“The study establishes that people have a greater belief in free will after thinking about others committing immoral actions compared to committing morally neutral actions. This finding suggest that belief in free will is a fluid concept ...”
NY Times: ‘The Rise’ and ‘The Up Side of Down’.
“When we surrender to the fact of death, not the idea of it, we gain license to live more fully, to see life differently … [snip] … to walk down paths of my own choosing, which to some might seem like failure.”
PS Mag: Study Casts Doubt on Superiority of Stradivarius Violins.
“Six of the soloists chose new violins as their hypothetical replacement instruments, while four chose ones made by Stradivari. One particular new violin was chosen four times, and one Stradivarius was chosen three times, suggesting those instruments were the clear favorites.”
CNet: Too much Twitter leads to infidelity and divorce, study shows.
“I found it interesting that active Twitter users experienced Twitter-related conflict and negative relationship outcomes regardless of length of romantic relationship.” Probably boundaries and time-suck.
The Daily Beast: Rashida Jones and the Pornification of Pop.
I agree with Ms Jones. Proof? This photo does more for me than any of the current pop-diva video gyrations. Consider what is ‘not said’, the negative space, along with what is patently obvious. Letting the mind indulge in a little fantasy, rather than leaving nothing to imagination and exposing all in technicolor debauchery and hydraulics, would be my choice.
NPR: ‘In Paradise,’ Matthiessen Considers Our Capacity For Cruelty.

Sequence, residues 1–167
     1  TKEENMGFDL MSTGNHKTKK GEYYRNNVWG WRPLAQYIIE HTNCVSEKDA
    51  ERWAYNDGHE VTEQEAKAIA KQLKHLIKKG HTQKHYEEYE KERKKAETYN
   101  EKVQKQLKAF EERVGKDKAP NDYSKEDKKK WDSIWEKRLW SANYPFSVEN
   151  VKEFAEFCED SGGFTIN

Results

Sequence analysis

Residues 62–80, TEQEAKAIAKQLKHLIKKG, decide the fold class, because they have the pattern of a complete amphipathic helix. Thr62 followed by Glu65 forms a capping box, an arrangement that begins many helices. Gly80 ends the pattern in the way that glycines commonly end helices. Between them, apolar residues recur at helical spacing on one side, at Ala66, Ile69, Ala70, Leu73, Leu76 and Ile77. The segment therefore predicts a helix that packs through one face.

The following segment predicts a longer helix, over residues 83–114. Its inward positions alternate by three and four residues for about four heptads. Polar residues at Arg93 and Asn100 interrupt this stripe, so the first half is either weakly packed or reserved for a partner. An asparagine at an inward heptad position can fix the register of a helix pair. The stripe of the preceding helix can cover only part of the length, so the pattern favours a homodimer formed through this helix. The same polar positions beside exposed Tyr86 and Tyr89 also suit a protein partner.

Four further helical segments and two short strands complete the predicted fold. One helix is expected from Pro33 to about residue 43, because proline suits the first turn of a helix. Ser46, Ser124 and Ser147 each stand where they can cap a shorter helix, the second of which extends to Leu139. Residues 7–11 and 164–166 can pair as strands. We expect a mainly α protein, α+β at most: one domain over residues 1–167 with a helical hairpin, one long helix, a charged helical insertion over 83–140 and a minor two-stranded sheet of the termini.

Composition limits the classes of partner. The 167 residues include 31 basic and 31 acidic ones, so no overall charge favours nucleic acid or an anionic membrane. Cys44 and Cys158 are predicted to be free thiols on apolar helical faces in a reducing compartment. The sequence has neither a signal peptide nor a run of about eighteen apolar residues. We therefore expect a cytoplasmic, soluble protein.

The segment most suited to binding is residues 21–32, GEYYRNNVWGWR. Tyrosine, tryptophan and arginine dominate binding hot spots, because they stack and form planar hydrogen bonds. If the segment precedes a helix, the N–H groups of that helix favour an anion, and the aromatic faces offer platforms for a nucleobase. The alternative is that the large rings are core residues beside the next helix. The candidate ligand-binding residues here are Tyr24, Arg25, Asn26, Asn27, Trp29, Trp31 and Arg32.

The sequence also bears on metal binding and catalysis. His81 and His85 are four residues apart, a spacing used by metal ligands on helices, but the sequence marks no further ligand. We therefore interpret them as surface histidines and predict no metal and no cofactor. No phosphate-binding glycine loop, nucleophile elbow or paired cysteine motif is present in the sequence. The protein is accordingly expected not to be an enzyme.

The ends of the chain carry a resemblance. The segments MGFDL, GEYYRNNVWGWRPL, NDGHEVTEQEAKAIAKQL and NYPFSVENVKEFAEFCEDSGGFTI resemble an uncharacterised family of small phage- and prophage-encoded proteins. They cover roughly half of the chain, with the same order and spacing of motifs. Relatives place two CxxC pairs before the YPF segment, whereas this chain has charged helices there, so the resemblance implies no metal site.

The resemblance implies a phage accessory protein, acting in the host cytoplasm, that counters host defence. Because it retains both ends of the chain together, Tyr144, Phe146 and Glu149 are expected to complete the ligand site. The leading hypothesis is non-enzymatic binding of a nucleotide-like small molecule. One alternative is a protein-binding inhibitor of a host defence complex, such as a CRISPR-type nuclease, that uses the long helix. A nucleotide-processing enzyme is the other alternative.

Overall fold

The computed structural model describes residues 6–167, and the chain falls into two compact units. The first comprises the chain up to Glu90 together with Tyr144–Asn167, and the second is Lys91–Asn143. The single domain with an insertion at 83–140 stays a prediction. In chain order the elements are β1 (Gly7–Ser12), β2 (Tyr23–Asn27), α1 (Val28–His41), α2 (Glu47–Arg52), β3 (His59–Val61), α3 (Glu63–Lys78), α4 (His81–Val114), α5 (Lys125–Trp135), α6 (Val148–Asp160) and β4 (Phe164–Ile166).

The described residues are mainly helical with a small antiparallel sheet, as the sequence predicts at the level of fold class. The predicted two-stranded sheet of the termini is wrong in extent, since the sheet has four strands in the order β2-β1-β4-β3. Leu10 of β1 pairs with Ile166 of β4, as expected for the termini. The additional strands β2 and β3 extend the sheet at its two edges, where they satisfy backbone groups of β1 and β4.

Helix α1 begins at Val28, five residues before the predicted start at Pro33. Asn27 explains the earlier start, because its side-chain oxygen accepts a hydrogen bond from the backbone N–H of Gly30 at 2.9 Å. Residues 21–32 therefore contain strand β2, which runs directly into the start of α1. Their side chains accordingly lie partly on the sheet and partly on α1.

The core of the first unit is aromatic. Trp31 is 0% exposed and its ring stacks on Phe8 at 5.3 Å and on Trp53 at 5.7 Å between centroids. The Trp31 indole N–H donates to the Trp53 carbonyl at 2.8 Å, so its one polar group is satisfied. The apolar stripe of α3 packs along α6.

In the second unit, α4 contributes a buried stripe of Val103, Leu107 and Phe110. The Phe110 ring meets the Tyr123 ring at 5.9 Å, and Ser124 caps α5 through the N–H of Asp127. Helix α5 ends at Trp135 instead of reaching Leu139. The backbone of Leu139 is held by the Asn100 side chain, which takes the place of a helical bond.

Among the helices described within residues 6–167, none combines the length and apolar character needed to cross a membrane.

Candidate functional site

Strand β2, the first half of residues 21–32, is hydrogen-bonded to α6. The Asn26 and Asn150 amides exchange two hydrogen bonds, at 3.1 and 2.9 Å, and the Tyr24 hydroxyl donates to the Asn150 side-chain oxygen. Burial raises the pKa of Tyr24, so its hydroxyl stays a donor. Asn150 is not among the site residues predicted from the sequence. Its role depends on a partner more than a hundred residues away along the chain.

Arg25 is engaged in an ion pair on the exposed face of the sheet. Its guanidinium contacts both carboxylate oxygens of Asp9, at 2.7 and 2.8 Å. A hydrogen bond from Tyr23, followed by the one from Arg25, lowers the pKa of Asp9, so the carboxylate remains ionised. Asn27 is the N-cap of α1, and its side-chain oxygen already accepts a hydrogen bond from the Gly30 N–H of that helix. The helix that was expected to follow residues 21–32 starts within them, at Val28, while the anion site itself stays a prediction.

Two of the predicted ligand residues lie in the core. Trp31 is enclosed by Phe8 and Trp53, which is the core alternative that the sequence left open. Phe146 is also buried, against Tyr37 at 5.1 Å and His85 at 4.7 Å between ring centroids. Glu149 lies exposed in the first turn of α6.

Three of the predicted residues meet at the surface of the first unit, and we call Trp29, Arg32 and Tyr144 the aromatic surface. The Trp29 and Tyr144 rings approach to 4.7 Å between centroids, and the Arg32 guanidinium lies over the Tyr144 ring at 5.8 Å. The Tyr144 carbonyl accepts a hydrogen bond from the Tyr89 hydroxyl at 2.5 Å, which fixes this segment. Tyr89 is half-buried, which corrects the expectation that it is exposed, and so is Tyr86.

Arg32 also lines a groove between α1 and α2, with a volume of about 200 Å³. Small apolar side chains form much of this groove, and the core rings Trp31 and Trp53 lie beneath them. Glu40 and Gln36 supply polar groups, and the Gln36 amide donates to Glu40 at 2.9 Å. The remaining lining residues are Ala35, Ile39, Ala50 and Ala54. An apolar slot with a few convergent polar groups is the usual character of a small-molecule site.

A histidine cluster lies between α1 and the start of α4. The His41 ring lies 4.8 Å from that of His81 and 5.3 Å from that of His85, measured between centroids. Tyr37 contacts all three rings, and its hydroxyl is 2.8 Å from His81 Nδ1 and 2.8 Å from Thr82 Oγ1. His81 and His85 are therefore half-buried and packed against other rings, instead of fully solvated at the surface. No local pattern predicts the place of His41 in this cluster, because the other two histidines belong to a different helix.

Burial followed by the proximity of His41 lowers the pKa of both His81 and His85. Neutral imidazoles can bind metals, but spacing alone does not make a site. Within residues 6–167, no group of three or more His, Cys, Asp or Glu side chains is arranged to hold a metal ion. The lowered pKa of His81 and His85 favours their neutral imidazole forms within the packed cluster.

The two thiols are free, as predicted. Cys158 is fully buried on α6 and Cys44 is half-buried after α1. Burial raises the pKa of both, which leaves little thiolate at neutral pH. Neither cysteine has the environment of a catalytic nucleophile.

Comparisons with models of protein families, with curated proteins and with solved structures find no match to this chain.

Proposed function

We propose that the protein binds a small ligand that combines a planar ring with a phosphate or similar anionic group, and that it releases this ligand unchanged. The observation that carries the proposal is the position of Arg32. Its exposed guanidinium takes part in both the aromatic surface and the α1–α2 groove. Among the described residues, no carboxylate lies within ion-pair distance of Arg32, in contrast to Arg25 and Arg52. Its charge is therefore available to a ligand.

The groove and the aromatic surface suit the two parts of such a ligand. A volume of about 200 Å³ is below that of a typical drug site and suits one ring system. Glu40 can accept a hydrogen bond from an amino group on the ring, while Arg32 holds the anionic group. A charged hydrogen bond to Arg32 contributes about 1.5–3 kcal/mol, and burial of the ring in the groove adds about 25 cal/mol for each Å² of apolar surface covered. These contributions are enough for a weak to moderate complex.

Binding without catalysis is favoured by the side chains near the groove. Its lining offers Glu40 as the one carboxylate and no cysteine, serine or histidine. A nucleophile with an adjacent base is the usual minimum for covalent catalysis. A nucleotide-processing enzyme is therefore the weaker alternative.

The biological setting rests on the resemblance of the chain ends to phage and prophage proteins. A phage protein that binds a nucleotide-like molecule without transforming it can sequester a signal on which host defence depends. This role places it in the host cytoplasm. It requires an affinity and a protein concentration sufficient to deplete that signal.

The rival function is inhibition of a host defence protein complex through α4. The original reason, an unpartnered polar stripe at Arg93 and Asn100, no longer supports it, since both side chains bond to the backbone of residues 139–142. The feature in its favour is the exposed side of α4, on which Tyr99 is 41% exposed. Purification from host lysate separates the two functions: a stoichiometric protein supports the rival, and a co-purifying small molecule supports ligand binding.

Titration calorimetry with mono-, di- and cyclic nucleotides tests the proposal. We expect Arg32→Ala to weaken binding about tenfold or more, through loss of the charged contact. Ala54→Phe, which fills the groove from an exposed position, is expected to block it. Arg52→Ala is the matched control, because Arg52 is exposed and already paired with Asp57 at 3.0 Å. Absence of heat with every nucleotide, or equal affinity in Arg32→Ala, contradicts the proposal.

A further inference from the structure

“How has civilization — so called — come this far and people are still designing tools to kill each other? For no other purpose than killing. Why are we doing it? Why are we doing it?”
Later: In a strange synchronicity, it seems Peter Matthiessen passed away today. His books always energize me; indeed, I took In The Spirit of Crazy Horse on my honeymoon, and was so irascible after reading, my new wife made me Fedex it back home from Hawaii. RIP, good sir.
Even later: NY Times, Peter Matthiessen’s Homegoing.
BrandeisNOW: Don’t beat yourself up, you’ll live longer.
“The research illustrates how easy it is for stress to build over time and how a seemingly small daily stressor, such as traffic, can impact a person’s health if they don’t have the right strategies to deal with it.” Find your chill pill and take it regularly.
MattStoller: Sexist Life Magazine Ads from the 1960s.
Yes, well. The farther back you go, the more surprising, I suppose. 1972 and 1973 were the watershed years for women’s rights; when culture shifted in a huge way. When was the last time you heard “male chauvinist pig” in casual conversation? Used to be part of the American vernacular. Ask a kid today what a chauvinist is, and get a blank stare.
The Millions: The 80-page Rule.
BBC: Ketamine ‘exciting’ depression therapy.
Only 28 people in the study. Eight showed results (about a third). I wouldn’t get too excited. And I wouldn’t have put it in the news yet, really, if I were the BBC.
PS Mag: Study - The Downside of Bargain Hunting.
RandsInRepose: How to Write a Book.
“Don’t write a book. Even better, stop thinking about writing a book. Your endless internal debate and self-conjured guilt about that book you haven’t written yet is a sensational waste of your time. My guess is if you took all the time that you’ve spent considering writing a book and translated that into actual writing time, you’d be a quarter of your way into writing that book you’re not writing.
So, stop. It’s the only sure-fire way to begin.”